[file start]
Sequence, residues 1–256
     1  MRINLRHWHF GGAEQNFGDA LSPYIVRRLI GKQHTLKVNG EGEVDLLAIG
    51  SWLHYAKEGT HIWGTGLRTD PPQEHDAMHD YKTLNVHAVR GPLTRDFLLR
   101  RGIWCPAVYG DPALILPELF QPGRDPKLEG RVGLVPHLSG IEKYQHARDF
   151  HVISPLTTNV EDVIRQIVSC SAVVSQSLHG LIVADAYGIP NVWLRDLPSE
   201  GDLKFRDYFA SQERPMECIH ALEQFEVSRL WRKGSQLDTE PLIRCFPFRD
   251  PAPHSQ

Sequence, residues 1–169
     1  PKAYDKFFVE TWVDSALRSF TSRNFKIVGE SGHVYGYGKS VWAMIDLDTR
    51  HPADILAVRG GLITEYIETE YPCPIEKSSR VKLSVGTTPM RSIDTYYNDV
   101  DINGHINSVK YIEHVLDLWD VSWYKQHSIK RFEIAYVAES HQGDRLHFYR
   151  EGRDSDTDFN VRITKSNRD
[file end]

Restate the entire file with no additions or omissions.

Sequence, residues 1–256
     1  MRINLRHWHF GGAEQNFGDA LSPYIVRRLI GKQHTLKVNG EGEVDLLAIG
    51  SWLHYAKEGT HIWGTGLRTD PPQEHDAMHD YKTLNVHAVR GPLTRDFLLR
   101  RGIWCPAVYG DPALILPELF QPGRDPKLEG RVGLVPHLSG IEKYQHARDF
   151  HVISPLTTNV EDVIRQIVSC SAVVSQSLHG LIVADAYGIP NVWLRDLPSE
   201  GDLKFRDYFA SQERPMECIH ALEQFEVSRL WRKGSQLDTE PLIRCFPFRD
   251  PAPHSQ

Sequence, residues 1–169
     1  PKAYDKFFVE TWVDSALRSF TSRNFKIVGE SGHVYGYGKS VWAMIDLDTR
    51  HPADILAVRG GLITEYIETE YPCPIEKSSR VKLSVGTTPM RSIDTYYNDV
   101  DINGHINSVK YIEHVLDLWD VSWYKQHSIK RFEIAYVAES HQGDRLHFYR
   151  EGRDSDTDFN VRITKSNRD